Compromise On School Law Reinstates Districts
Mayor Bloomberg’s radical revamping of the New York City school system faced a serious setback last Tuesday when the city settled a lawsuit forcing it to keep all 32 city school districts intact, prompting the opposing sides to simultaneously declare victory.
A plethora of plaintiffs - including State Senator Carl Kruger, Assemblyman Steven Sanders and President of the Council of Supervisors and Administrators Jill Levy – sued Bloomberg and Chancellor Joel Klein following the Mayor’s attempted restructuring of the city’s public school system in January. The lawsuit contended that the Mayor’s actions exceeded his power violating New York State law by abolishing school districts that were created by the New York State Legislature.
The out-of-court settlement that came after more than a week of negotiations will preserve all 32 superintendents and their offices, but has no bearing on other aspects of the Mayor’s plan to rejuvenate the city’s schools. "Our position is that, in their zeal to reform the education system in the City of New York, they exceeded their legal authority by attempting to do away with community school districts and district Superintendents," said Bruce Baron, attorney for the plaintiffs. "The settlement recognizes that fact."
Oddly enough, both the plaintiffs and the Mayor’s office claimed last Tuesday’s settlement to be a boon to their cause. "This is a victory for all New Yorkers," said Kruger. "After all the hue and cry, the city was finally forced to concede that it made a mistake in its rush to accomplish public school reform, which is itself a worthy and important goal. Reform the public school system all you want – but don’t break the law when you do it."
Klein also claimed the settlement to be a victory. "Now we can focus even more sharply on the business of creating 1,200 great schools," he said. "Today’s agreement demonstrates that people can effectively resolve their differences if they stay focused on doing what is right for New York City’s school children."
Local school board members are far less optimistic about the settlement. "I’ll see victory when I see the kids doing better," said Jim Adams, of Community School Board 27. His colleague offered similarly negative sentiments. "I promise that the Chancellor will do everything in his power to ensure this doesn’t work," said Steve Greenberg, President Community School Board 27.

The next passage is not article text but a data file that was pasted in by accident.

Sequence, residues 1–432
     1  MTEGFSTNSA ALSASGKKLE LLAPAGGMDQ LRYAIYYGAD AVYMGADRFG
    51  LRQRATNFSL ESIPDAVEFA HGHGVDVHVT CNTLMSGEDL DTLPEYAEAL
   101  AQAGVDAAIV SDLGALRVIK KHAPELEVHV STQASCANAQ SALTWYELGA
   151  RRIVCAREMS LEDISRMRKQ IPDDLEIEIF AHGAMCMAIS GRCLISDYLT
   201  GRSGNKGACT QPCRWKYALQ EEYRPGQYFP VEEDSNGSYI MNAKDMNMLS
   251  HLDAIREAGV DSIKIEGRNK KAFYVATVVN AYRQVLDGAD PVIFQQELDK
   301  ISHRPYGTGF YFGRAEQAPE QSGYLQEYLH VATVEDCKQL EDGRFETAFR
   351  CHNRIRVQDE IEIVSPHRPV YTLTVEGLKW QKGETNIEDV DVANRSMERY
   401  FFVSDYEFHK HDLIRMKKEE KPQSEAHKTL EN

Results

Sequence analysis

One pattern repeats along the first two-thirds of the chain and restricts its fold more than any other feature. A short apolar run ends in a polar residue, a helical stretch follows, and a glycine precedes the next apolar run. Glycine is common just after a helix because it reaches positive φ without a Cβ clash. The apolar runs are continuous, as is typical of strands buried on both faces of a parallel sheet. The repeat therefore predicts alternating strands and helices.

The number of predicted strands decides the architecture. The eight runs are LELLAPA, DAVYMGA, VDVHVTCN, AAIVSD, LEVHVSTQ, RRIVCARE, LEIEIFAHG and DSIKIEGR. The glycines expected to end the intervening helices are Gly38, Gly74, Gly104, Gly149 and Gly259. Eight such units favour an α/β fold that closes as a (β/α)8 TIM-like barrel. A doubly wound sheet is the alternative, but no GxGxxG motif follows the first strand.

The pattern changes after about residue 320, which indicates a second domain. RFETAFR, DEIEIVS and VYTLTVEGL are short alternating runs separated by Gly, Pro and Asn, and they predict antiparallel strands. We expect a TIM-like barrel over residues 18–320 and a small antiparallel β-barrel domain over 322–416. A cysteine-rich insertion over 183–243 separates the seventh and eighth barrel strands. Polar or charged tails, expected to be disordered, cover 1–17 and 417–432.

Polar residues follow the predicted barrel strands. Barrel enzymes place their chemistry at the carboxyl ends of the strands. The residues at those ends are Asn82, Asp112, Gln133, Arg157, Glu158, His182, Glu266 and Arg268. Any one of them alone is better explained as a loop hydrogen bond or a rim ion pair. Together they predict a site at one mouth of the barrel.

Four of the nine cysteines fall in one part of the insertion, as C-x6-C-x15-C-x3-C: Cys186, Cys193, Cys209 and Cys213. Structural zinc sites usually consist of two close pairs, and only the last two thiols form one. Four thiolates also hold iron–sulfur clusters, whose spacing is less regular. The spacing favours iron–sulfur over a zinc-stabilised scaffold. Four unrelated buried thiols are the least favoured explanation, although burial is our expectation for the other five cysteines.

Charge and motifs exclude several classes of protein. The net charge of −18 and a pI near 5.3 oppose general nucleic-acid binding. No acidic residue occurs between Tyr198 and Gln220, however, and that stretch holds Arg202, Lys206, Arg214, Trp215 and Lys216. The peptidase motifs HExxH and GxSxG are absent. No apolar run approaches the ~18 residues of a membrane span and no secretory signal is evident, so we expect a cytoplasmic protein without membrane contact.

In January, the Mayor proposed consolidating the 32 school districts into 10 Instructional Leadership Divisions headed by 10 regional superintendents, who would oversee 113 local instructional supervisors, who would each oversee 10 to 12 of the 1,200 city schools. According to the terms of last Tuesday’s agreement the superintendents of the 32 districts will serve double duty, at the same pay, working as a Local Instructional Supervisors (LIS), as well. The new LIS duties will be to serve as the instructional supervisor for 10 or more schools while simultaneously fulfilling all the inherent responsibilities of the superintendent.
"The key point is that we have eliminated the bloated district bureaucracies while also assuring a point of access for parents in the districts beyond those already in the schools and Learning Support Centers," said Klein. Office staff will be reduced to three people in each district office; an LIS - also serving as superintendent, a District Parent Support officer and a clerical worker.
The lawsuit, which had the potential to derail the Mayor’s restructuring of the city schools, has been settled and educators aim to return to the task of improving city schools. "Now there is no question that in September, the entire school system will be operating consistent with existing state law," said Levy. "We wanted to make sure the city’s plan went forward without a cloud of accusations and criticisms. We achieved just that."
Under last Tuesday’s deal, the Mayor’s plan is set to take effect July 1. "The agreement ensures that the Mayor and Chancellor’s central authority will be complemented, as legislators intended it, with local dialogue and interaction between community school district superintendents, parents and local communities," said Steve Sanders, State Assemblyman. "Parents retain local access to the school system through community school district offices and the accountable local community school district superintendents."
While elected officials are confident about the new direction for the city’s school system, the community remains wary. "I have no idea what this settlement means, nor does Chancellor Klein, nor does Michelle Lloyd-Bey, nor does Kathleen Cashin…," said Greenberg. "Nobody has any clue what is going to happen."
Namely, there’s a concern that the children will suffer because no one will be accountable to the community such as the school boards, which will become defunct June 30. Parents with grievances will be sure to find decreased lines of communication when school opens in September. "It is lousy for the community, because there is no representation," said Adams.
Local school officials were contacted for comment but are not permitted to speak with the press. "That in and of itself says something about this administration," said Greenberg.
As the Bloomberg administration concentrates its efforts on reducing the size of the bureaucracy that surrounds the city school system, his detractors maintain that reducing class size will have the greatest impact on improving education. "Till they’re ready to invest the money in reducing class size, you’re going to have problems," said Adams.